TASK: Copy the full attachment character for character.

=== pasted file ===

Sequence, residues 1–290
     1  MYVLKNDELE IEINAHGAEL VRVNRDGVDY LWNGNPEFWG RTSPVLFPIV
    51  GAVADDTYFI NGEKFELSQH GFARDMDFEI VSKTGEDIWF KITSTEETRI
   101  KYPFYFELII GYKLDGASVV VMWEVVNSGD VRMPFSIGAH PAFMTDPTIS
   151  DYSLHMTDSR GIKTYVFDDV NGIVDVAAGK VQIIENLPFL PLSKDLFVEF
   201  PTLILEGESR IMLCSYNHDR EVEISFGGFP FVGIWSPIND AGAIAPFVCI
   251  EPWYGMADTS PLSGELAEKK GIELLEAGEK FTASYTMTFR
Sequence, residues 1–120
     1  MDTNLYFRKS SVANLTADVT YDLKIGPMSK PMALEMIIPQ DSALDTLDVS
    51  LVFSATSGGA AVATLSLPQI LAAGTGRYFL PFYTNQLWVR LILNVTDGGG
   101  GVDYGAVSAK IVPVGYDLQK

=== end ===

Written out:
Sequence, residues 1–290
     1  MYVLKNDELE IEINAHGAEL VRVNRDGVDY LWNGNPEFWG RTSPVLFPIV
    51  GAVADDTYFI NGEKFELSQH GFARDMDFEI VSKTGEDIWF KITSTEETRI
   101  KYPFYFELII GYKLDGASVV VMWEVVNSGD VRMPFSIGAH PAFMTDPTIS
   151  DYSLHMTDSR GIKTYVFDDV NGIVDVAAGK VQIIENLPFL PLSKDLFVEF
   201  PTLILEGESR IMLCSYNHDR EVEISFGGFP FVGIWSPIND AGAIAPFVCI
   251  EPWYGMADTS PLSGELAEKK GIELLEAGEK FTASYTMTFR
Sequence, residues 1–120
     1  MDTNLYFRKS SVANLTADVT YDLKIGPMSK PMALEMIIPQ DSALDTLDVS
    51  LVFSATSGGA AVATLSLPQI LAAGTGRYFL PFYTNQLWVR LILNVTDGGG
   101  GVDYGAVSAK IVPVGYDLQK